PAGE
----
This white woman called herself the Queen of Congee for “improving” a 3,000-year-old Asian staple

Rice porridge with seven herbs of spring called Nanakusa Gayu in lacquered bowl on January 7th in Ky...
Eriko Koga/DigitalVision/Getty Images

One of the most confounding things about grifters is that they tend to be as bold as they are uninformed. Everyone can google simple facts, and yet people will still try to rewrite history with themselves as the star. One recent appropriator is a white woman living in the Pacific Northwest who recently “discovered” congee, a dish that has been around for literally thousands of years, and is currently trying to profit off of an “improved" version. You have one guess as to what her first name is.

Karen Taylor of Oregon has gallingly claimed to be the “Queen of Congee,” a pan-Asian breakfast dish that has roots in the Zhou dynasty of 1000 B.C., through a company she founded. The brand, called Breakfast Cure, sells shippable packages of the remixed porridge dish for up to $15 for a single packet.

Taylor is now facing a tidal wave of criticism for cultural appropriation and it all started because of a blog post on the brand’s website, titled, "How I discovered the miracle of congee and improved it." In this post, Taylor wrote about how she first came across the porridge more than two decades ago as a student of Chinese medicine in Santa Fe, New Mexico.

"I've spent a lot of time modernizing it for the West pallet (sic),” Taylor says on her now-deleted blog post, according to Insider. “Making a congee that you can eat and find delicious and that doesn't seem foreign, but delivers all of the medicinal healing properties of this ancient recipe."

Okay, Karen. After the blog caught viral fire and pissed off anyone with some sense, Taylor apologized and retorted with an excuse about how Breakfast Cure is a "modern adaptation" of congee. The implication is that in the 20 years since she “discovered congee," this lady somehow outsmarted more than 3000 years of Chinese tradition. If you're wondering what revolutionary thing she did to the already adaptable dish to market it as her own, it was to incorporate flavors such as apple cinnamon, blueberries, Asian spices, coconut, jaggery (which is again something Indian people created more than three millennia ago), and other basic white-washed wellness fare.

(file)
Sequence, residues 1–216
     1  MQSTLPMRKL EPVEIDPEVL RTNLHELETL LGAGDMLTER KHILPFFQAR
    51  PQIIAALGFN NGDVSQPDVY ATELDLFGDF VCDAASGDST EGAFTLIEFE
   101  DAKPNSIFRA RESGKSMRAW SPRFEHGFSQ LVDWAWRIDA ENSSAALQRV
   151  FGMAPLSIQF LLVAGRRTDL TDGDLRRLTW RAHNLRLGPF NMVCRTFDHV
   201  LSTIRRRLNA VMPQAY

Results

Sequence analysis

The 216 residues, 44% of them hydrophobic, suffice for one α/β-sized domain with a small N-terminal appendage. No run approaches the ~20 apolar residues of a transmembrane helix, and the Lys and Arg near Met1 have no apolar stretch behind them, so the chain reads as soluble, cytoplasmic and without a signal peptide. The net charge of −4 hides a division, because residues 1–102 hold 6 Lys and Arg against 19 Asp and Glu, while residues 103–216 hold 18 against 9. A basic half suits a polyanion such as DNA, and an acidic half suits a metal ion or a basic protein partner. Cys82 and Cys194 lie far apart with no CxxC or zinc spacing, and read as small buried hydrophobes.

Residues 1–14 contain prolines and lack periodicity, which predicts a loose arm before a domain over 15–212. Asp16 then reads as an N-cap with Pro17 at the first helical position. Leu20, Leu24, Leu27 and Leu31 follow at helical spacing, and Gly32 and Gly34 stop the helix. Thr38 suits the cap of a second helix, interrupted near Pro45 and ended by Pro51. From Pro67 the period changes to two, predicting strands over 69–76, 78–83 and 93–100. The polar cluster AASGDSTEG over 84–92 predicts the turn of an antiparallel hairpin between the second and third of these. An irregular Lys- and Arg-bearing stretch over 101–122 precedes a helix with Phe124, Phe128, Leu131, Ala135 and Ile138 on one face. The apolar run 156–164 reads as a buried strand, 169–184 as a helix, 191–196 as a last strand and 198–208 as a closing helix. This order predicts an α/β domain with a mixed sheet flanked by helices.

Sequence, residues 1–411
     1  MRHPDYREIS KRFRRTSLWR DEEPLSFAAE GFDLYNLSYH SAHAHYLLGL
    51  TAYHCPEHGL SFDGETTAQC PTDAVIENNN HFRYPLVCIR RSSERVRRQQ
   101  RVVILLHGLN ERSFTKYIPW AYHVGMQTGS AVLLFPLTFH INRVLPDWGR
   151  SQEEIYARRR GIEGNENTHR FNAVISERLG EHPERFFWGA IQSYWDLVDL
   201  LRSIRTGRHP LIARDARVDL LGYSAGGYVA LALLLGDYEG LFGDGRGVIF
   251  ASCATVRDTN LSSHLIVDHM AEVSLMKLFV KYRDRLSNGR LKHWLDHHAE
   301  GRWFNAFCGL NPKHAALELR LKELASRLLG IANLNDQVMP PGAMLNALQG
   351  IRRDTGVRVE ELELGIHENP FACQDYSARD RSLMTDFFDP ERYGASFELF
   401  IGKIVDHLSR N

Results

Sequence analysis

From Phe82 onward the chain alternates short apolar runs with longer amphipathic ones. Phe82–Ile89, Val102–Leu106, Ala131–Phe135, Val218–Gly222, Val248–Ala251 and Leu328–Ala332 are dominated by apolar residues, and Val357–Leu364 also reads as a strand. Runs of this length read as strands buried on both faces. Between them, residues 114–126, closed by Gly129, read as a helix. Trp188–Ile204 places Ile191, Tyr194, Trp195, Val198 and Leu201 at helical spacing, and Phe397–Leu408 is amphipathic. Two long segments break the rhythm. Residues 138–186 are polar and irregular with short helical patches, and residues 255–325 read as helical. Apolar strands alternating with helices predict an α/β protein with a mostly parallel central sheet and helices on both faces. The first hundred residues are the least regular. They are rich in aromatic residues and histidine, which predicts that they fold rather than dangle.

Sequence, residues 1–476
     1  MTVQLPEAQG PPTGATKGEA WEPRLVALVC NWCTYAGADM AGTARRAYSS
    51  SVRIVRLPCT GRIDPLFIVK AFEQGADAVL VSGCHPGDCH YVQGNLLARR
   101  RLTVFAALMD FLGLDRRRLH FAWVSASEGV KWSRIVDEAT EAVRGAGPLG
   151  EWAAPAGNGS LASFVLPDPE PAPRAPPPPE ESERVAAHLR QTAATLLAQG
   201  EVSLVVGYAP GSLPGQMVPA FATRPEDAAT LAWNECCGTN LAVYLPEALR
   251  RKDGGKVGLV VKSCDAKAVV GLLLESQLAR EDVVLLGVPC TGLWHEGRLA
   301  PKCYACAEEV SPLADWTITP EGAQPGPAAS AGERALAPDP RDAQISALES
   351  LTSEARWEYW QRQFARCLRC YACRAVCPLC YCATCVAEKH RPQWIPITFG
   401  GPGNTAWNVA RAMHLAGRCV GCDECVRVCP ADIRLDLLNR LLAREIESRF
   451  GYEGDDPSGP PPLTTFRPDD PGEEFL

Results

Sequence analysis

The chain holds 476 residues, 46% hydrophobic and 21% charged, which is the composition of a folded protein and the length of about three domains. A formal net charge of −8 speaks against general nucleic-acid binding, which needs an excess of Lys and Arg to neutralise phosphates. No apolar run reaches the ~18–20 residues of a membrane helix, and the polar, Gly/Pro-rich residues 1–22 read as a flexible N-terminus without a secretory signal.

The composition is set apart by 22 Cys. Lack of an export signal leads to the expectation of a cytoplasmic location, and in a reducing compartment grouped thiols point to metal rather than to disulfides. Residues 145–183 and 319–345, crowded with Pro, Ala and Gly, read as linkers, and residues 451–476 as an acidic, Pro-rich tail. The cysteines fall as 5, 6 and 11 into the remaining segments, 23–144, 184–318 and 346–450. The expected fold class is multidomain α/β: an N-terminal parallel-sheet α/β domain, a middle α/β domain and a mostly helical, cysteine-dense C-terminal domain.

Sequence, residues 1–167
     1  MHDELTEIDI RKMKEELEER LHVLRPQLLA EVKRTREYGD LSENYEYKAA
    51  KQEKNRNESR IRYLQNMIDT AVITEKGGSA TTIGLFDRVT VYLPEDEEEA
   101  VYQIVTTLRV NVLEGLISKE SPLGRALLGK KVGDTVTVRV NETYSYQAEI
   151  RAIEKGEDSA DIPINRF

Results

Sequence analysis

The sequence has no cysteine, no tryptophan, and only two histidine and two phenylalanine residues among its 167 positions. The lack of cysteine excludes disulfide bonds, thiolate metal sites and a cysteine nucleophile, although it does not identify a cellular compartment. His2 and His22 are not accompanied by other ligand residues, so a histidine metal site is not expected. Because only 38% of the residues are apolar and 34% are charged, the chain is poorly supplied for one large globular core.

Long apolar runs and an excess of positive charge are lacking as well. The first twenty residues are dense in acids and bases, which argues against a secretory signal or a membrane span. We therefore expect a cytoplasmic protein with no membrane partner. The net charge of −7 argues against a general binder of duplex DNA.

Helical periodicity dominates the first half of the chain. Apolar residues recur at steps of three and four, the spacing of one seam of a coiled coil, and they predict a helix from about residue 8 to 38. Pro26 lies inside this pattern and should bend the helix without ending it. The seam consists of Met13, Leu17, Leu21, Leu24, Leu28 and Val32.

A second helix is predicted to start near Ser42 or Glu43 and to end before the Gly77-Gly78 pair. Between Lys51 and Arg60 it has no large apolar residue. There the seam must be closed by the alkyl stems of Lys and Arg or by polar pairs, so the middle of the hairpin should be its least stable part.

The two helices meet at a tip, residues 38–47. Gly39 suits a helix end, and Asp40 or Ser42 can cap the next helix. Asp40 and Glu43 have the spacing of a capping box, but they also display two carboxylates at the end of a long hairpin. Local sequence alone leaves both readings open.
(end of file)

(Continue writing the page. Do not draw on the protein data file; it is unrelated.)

A little more on congee for you: It’s a breakfast food made traditionally from rice that has been cooked until it becomes a soft, comforting porridge consistency. It can be cooked in water, coconut milk, or meat stock to make it savory and could be served with a chicken, duck or quail egg, seafood, vegetables or really, anything you want to eat that day. Chinese in origin, the breakfast dish has since become a staple around Asia: it’s also known as chok or khao tom in Thailand, cháo in Vietnam, bubur in Malaysia and Indonesia, okayu in Japan, and way too many others to list. It’s been everywhere. Also, it was in Mulan. So Karen, you’re not even the first American to discover it. Eddie Murphy was.

All jokes aside, fetishizing, co-opting or "improving" another culture's fare has dangerous implications.

Taylor is not just Columbusing the hell out of breakfast; she’s participating in the cultural erasure of Chinese people. Right now, East Asian Americans are battling an uptick in racism largely sparked by the pandemic, under some perverted guise of patriotism. They’ve been the victims of domestic terror attacks and mass shootings simply for being incorrectly labeled as a "foreign threat.” Taylor claiming her congee as “cleaner” and “modern” implies that the Asian (original) version is “dirty,” or somehow just not good enough for the American palate. I know that story well and I’ll be damned if I'm going to let it perpetuate.